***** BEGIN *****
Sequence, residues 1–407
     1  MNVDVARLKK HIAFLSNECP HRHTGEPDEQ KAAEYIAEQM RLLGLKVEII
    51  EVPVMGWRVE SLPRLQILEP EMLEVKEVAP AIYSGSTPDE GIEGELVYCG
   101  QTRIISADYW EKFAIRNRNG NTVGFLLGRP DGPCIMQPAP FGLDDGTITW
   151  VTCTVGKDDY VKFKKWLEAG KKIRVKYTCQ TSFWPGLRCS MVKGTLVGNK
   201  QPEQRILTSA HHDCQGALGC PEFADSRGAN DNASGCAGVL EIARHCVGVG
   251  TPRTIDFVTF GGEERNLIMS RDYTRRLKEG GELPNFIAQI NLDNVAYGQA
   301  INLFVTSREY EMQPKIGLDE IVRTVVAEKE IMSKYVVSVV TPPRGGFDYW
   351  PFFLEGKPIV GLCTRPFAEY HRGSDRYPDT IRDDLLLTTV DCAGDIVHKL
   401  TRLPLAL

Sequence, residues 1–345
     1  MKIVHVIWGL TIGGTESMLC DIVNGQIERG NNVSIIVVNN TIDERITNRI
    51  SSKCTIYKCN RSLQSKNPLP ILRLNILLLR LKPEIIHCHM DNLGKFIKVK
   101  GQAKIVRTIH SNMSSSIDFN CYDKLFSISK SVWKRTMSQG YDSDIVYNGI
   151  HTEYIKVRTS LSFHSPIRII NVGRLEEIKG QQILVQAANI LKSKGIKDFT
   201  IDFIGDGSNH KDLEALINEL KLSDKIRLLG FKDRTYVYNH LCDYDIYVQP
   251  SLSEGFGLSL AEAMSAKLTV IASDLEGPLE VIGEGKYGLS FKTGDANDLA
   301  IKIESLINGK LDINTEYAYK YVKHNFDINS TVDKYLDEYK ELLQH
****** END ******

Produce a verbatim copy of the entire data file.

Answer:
Sequence, residues 1–407
     1  MNVDVARLKK HIAFLSNECP HRHTGEPDEQ KAAEYIAEQM RLLGLKVEII
    51  EVPVMGWRVE SLPRLQILEP EMLEVKEVAP AIYSGSTPDE GIEGELVYCG
   101  QTRIISADYW EKFAIRNRNG NTVGFLLGRP DGPCIMQPAP FGLDDGTITW
   151  VTCTVGKDDY VKFKKWLEAG KKIRVKYTCQ TSFWPGLRCS MVKGTLVGNK
   201  QPEQRILTSA HHDCQGALGC PEFADSRGAN DNASGCAGVL EIARHCVGVG
   251  TPRTIDFVTF GGEERNLIMS RDYTRRLKEG GELPNFIAQI NLDNVAYGQA
   301  INLFVTSREY EMQPKIGLDE IVRTVVAEKE IMSKYVVSVV TPPRGGFDYW
   351  PFFLEGKPIV GLCTRPFAEY HRGSDRYPDT IRDDLLLTTV DCAGDIVHKL
   401  TRLPLAL

Sequence, residues 1–345
     1  MKIVHVIWGL TIGGTESMLC DIVNGQIERG NNVSIIVVNN TIDERITNRI
    51  SSKCTIYKCN RSLQSKNPLP ILRLNILLLR LKPEIIHCHM DNLGKFIKVK
   101  GQAKIVRTIH SNMSSSIDFN CYDKLFSISK SVWKRTMSQG YDSDIVYNGI
   151  HTEYIKVRTS LSFHSPIRII NVGRLEEIKG QQILVQAANI LKSKGIKDFT
   201  IDFIGDGSNH KDLEALINEL KLSDKIRLLG FKDRTYVYNH LCDYDIYVQP
   251  SLSEGFGLSL AEAMSAKLTV IASDLEGPLE VIGEGKYGLS FKTGDANDLA
   301  IKIESLINGK LDINTEYAYK YVKHNFDINS TVDKYLDEYK ELLQH